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2007 Patriots, Red Sox Among Most Hated Teams In History

According to Sports Illustrated, the 2007 New England Patriots are the sixth most hated team of all time.

It's hardly surprising. Between Spygate, their run at perfection, their role as the decade's closest thing to a dynasty, and a perfect collection of different personalities where everyone can find someone they hate, there were plenty of factors contributing to the ire the Pats earned. But it's Lee Jenkins' final word on the nearly perfect Pats that I take issue with.

He made it undefeated to the Super Bowl, where karma and the Giants finally caught up to him.

That's some impressive karmic retribution right there. For a team of jerks, cheaters, and hypocrites, I gotta say, a 16-0 season, an AFC Championship, and a trip to the Super Bowl seems a less-than-fitting punishment. In fact, all the teams on the list were hugely successful (yes, even the '04 U.S. Basketball team), and only a few got there through truly nefarious methods (regardless of how much of an advantage "Spygate" gave them, the discovery certainly put an end to it just a game into the season). Simply put...

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While the 2007 Red Sox didn't make the top-25, they did manage an honorable mention. Again, the same factors exist. Since the 2004 World Series win, the Red Sox fanbase's reputation had gone from that of faithful fanatics to loathed bandwagoners. The popular opinion was that they had basically become what they hate--the Yankees. Then you've got abrasive personalities like Manny, Beckett, Pedroia, and river-dancing Papelbon, and of course there's the fact that they're now facing teams like the long-suffering Indians and upstart Rockies--it's a recipe for disaster.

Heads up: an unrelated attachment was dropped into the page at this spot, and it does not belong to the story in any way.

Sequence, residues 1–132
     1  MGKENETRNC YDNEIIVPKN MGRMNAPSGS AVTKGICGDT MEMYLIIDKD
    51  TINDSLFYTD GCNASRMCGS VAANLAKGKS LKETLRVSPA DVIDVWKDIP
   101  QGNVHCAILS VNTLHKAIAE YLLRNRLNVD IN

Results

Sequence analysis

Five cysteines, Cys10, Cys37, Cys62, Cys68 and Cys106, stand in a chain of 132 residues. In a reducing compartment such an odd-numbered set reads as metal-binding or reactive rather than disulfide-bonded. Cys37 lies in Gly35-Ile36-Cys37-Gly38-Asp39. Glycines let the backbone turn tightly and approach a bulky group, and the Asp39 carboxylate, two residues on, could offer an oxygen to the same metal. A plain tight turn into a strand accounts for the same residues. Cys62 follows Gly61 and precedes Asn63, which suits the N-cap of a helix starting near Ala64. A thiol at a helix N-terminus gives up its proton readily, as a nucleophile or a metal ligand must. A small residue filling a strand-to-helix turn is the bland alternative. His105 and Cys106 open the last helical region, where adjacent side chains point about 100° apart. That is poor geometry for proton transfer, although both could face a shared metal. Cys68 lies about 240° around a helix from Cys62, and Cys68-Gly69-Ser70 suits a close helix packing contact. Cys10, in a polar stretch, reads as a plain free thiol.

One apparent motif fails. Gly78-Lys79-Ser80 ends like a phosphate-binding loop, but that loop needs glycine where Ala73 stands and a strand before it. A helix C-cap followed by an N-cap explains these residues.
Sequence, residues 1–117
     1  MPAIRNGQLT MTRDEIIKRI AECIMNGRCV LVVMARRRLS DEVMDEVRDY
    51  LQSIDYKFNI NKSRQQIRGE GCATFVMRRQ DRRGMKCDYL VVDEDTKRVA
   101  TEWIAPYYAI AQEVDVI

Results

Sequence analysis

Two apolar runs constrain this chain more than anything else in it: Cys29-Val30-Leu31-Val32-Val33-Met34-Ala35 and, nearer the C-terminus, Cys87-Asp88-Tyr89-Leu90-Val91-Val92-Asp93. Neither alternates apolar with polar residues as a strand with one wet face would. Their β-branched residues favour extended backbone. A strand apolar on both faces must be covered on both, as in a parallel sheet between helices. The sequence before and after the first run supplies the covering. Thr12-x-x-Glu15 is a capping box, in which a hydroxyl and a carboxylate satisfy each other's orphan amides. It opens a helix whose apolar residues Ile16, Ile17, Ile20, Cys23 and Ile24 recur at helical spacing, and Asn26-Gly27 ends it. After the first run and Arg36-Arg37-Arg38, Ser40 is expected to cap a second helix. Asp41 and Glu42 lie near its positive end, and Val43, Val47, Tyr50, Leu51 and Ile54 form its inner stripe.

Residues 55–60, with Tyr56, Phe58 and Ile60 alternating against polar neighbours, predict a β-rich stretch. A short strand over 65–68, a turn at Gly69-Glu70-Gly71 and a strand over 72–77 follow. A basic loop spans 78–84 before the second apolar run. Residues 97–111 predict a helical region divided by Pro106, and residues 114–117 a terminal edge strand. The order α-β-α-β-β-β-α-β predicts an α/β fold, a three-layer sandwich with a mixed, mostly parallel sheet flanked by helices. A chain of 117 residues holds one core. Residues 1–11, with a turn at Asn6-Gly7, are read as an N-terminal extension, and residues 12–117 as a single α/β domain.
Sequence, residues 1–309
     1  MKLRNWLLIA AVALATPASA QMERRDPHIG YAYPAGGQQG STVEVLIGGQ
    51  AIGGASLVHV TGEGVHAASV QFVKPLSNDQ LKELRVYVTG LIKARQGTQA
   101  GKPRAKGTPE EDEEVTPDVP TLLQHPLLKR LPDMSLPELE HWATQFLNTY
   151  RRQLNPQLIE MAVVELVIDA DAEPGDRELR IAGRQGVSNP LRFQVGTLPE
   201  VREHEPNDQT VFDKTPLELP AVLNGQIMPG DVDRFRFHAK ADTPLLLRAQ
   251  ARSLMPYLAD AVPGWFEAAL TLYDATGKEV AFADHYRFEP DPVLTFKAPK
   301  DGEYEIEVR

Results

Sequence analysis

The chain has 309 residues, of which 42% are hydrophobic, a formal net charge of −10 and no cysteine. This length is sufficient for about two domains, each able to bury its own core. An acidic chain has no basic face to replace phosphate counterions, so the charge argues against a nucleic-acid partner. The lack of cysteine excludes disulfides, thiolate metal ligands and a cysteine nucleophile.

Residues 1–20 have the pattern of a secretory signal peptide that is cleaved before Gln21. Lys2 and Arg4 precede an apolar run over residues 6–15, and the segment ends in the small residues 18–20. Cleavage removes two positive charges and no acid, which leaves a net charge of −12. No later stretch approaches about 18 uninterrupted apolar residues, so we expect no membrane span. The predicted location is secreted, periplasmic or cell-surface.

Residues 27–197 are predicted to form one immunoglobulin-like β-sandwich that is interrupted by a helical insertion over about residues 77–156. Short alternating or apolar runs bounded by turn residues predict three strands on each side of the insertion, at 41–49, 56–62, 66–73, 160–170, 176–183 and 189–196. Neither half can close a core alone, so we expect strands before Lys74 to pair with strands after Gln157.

Once again, though, somehow karma did not strike down the Sox, leading the despicable group of ne'er-do-wells to a 60-102 record. Instead, it was another big comeback in the ALCS leading to their second World Series championship in four years. Perhaps the only reasons the 2007-2008 Celtics didn't make the list too is that Ray Allen is hard to hate, Rajon Rondo was still more of an unassuming (if impressive) young player, and they had even worse villains to face in the Lakers--complete with the suspicious Pau Gasol trade. Certainly Kevin Garnett's reputation went from that of a fan favorite due to his intensity to that of a jerk who picks on point guards, and Pierce's injury in Game 1 of the Finals didn't help any.

So yes, Boston has had its fair share of hateable teams, complete with polarizing personalities and big-time controversies. But I think most would agree that it's better than being the lovable--or worse, pitiable losers time and time again.